Jim Fulton wrote:
> I don't think these "bits" are cleanly separated.  For example, if a  
> content component has some views, are those ZMI bits?

Yes. zope.container doesn't define views. zope.app.container did (and 
does). "browser" directories are generally not part of the Zope Toolkit, 
though there are some exceptions (zope.app.publisher.browser, 

> Can you identify projects that are in or out of the toolkit?  What  
> about zope.publisher? zope.security? zope.app.publication?

Currently all three are in.

zope.publisher + zope.app.publication might not remain in permanently if 
a better way of doing things evolves, but that's up in the air right now.

> I agree with the idea of simply supporting a library of components.   
> I'm uncomfortable with the idea of saying you're going to "shrink the  
> codebase" without saying what's going.  

The ZMI is the bit that is going right now. Since we're factoring 
non-ZMI bits out of zope.app.*, eventually that'll mean a whole range of 
zope.app.* packages will not be maintained by the Zope Toolkit 
developers. The other bits are up for discussion.

We don't intend to stop people from maintaining other packages outside 
the toolkit.

> I don't want to see a separate  
> "Zope 3 " project distinct from the "Zope Toolkit". 
> I do want to see  
> the components we're using live within a project.  If the "Zope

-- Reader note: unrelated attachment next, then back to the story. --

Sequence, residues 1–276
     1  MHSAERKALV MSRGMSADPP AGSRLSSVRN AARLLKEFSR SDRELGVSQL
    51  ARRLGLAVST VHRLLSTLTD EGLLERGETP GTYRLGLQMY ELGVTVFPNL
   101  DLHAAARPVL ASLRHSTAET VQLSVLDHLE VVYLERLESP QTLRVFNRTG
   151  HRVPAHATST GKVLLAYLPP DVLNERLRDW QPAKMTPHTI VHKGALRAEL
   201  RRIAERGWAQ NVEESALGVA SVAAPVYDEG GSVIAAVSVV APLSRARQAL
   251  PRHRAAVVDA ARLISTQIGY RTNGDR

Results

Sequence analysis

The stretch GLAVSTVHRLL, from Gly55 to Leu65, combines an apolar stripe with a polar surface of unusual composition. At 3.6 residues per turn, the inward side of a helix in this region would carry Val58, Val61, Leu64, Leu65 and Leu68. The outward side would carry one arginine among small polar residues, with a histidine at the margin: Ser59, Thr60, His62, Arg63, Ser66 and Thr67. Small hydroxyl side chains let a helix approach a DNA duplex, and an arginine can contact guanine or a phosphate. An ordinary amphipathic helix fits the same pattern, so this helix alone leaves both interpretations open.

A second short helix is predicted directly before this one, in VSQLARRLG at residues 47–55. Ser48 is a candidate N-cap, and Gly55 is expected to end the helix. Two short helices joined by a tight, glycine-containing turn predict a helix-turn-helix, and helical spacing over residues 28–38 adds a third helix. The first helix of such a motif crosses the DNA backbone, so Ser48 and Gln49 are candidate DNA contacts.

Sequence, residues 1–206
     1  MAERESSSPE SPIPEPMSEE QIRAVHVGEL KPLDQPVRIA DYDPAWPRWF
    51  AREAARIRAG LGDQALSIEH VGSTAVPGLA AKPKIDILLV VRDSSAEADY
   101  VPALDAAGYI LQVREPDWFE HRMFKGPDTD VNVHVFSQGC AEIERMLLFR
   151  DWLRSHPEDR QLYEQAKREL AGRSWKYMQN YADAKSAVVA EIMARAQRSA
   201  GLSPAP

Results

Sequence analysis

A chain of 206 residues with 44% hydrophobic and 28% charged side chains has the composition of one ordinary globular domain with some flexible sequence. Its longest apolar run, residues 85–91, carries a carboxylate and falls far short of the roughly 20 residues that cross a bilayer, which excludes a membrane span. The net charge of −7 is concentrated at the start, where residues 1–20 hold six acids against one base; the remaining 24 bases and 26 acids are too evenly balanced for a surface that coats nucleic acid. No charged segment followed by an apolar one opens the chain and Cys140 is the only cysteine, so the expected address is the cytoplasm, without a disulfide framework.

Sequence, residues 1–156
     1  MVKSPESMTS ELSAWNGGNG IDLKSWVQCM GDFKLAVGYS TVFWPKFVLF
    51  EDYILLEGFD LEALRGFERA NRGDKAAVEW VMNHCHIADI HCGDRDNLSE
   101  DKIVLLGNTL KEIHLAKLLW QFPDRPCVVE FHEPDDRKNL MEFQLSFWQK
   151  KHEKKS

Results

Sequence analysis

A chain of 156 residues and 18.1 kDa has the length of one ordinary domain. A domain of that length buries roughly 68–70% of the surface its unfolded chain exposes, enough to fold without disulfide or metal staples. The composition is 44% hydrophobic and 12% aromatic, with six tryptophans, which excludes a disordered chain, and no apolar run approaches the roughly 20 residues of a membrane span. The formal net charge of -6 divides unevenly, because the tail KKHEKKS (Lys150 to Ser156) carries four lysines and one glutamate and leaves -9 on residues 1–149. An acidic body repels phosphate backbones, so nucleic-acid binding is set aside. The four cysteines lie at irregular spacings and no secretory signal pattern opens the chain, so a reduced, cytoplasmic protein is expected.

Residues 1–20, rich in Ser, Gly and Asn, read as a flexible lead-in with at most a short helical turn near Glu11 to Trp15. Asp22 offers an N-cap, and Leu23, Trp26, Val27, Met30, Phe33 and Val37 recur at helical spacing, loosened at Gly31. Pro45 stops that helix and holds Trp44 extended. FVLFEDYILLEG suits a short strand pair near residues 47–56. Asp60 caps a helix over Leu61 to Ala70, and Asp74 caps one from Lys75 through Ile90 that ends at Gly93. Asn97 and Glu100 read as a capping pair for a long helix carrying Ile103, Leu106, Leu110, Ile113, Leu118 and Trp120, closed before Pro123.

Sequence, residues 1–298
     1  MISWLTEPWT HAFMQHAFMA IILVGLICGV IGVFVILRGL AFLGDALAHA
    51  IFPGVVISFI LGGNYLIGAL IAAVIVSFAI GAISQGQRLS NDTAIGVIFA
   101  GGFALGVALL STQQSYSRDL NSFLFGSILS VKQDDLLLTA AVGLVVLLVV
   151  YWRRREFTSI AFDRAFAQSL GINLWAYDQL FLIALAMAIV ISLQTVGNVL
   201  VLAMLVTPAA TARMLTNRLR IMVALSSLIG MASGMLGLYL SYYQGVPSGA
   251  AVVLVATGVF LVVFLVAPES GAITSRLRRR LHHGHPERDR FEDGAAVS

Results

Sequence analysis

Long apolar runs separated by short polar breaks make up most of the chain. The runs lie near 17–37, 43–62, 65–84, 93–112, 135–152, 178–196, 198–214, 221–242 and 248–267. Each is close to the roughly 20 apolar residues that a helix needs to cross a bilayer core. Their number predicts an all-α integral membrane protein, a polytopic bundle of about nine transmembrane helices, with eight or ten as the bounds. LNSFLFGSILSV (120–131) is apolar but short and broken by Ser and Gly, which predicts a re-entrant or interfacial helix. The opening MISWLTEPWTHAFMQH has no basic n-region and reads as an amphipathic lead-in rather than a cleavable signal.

> Toolkit" doesn't include components in common use, then I don't think  
> it has a lot of value.

I'm not in the business of maintaining Zope 3 myself; I mainly care 
about how Grok uses it, and how I can integrate libraries in the 
ecosystem into my apps.

The Zope Toolkit includes components in common use by Grok, Zope 2, and 
Zope 3.

The Zope 3 project always attempted to be far more than just being a 
bunch of libraries. It attempted to be a system you can install and find 
documentation for and start developing with. When you install it, you 
see a user interface. It had a group of people who cared about it that 
you could talk to. There are a lot of concepts associated with Zope 3.

What I'm trying to do is to separate these concepts, which is why we're 
going through some confusion.

The Zope Toolkit is something that doesn't have an installation story 
for the whole. It does have some documentation about the whole: how it 
is developed primarily. But instead of having documentation for the 
whole ("Build your app with the Zope Toolkit, here's how to get 
started!" is not going to be there), it will focus on documentation 
about how to use the individual libraries. It leaves how to use it as an 
integrated whole to other projects. The Zope Toolkit has implementations 
of content objects such as the container. It doesn't have a user 
interface; it just has a way to construct user interfaces.

The Zope Toolkit is there to serve the people who use it. That's people 
who use a large range of these libraries, or just some of them, and 
projects that build on top of these libraries.

The question at hand is whether people care about a project that 
presents itself as a "whole", uses a lot of the Zope Toolkit, and has an 
installation story (and possibly a user interface), and that isn't Grok 
or Zope 2, but like Zope 3. If so, we could have a Zope 3 project that 
cares about those things (naming discussion aside).



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